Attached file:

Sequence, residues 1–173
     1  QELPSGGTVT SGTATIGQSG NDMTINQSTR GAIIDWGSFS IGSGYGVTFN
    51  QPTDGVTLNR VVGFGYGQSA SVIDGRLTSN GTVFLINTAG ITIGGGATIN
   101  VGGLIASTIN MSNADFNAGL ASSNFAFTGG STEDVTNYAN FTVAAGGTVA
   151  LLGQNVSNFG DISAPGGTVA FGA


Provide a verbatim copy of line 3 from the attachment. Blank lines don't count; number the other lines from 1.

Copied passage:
    51  QPTDGVTLNR VVGFGYGQSA SVIDGRLTSN GTVFLINTAG ITIGGGATIN